Linger by Maggie Stiefvater
In Maggie Stiefvater’s Shiver, Grace and Sam found each other. Now, in Linger, they must fight to be together. For Grace, this means defying her parents and keeping a very dangerous secret about her own well-being. For Sam, this means grappling with his werewolf past…and figuring out a way to survive into the future. Add into the mix a new wolf named Cole, whose own past has the potential to destroy the whole pack. And Isabel, who already lost her brother to the wolves…and is nonetheless drawn to Cole. At turns harrowing and euphoric, Linger is a spellbinding love story that explores both sides of love–the light and the dark, the warm and the cold–in a way you will never forget. (courtesy of Goodreads)
I recommend that everyone read Linger, as well as its predecessor Shiver, for one reason alone: Maggie Stiefvater's writing. Every sentence that comes out of Maggie's genius brain manages to physically affect me. If the sentence is happy, I feel warm and fuzzy; if it is sad, I actually feel colder and depressed. Maggie could write an entire book about pancakes or alligators and make them seem hauntingly beautiful.
The writing of both Shiver and Linger evoke winter, regardless of the seasons in which the books actually take place. When I was reading both books, I felt like I was sitting outside in a snow covered forest surrounded by stark, icicle-laden trees on a frigid, cloudless Minnesota winter day - the kind of day where the sun provides no warmth and every intake of breath feels like knives shredding your nostrils. There's something beautiful about the silence and starkness of winter. Both Shiver and Linger carry that feeling throughout the novels.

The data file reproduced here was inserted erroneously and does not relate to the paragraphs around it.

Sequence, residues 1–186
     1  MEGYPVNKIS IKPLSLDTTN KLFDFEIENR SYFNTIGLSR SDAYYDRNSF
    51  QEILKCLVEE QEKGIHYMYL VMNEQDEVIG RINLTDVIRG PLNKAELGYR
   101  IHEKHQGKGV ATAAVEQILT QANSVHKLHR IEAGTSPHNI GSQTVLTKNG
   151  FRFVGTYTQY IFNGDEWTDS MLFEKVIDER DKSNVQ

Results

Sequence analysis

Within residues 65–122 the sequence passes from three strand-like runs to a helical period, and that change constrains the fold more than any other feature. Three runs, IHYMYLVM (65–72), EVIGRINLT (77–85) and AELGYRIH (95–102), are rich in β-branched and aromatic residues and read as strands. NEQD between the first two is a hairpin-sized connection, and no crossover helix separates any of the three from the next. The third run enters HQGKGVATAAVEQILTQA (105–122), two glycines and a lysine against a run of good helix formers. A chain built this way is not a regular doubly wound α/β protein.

Linger starts off not long after Shiver finished. Spring has almost arrived. Sam is still adjusting to being human all the time and to his role as leader of the wolves without Beck. Grace is thrilled to have Sam with her all the time. But she is troubled by frequent headaches that seem to be turning into something more serious. Sam and Grace have a serious committed relationship - the physical aspects aren't emphasized as much but they are so connected that they seem like one person.
The book alternates from the points of view of Grace, Sam, Isabel, and Cole. Isabel played a small role in Shiver and now functions as one of the wolves' helpers and secret-keepers. She is an irritating girl, mean and moody, but I understood why she acted the way she did and really sympathized with her. Cole is a new character, one of the wolves that Beck turned the previous year. He seems like a real jerk - selfish and snarky. But seeing the world through his eyes helped me appreciate his demons. Isabel and Cole are a good break from emo-Sam and Grace. In fact, Cole may have been my favorite character.
I'd say the chief criticism of Linger (and Shiver) is its pace. It is slow - definitely not a page-turner. This didn't really bother me. I expected the pace to be slow, and I love the lyrical prose so much that I prefer to savor each word. But if you go into Linger expecting the fast pace of most popular YA novels, you will likely be disappointed. I love the use of poetry in both Shiver and Linger. Shiver had many references to Rilke poems. Linger also quoted Rilke, but I didn't feel as connected to the poetry as I did in Shiver. Linger also features lyrics of songs Sam writes - poetry just as much as Rilke.
I dislike the portrayal of Grace's parents. They are stereotypical YA parents - vacillating between absent and overbearing. I understand why they were portrayed this way, but I wish more books were written with good examples of parents.
All in all, Linger was everything I expected it to be. I wish I could have a little piece of Maggie's writing every day to treasure. I cannot wait for the third book in the Wolves of Mercy Falls.
Rating: 4.5 / 5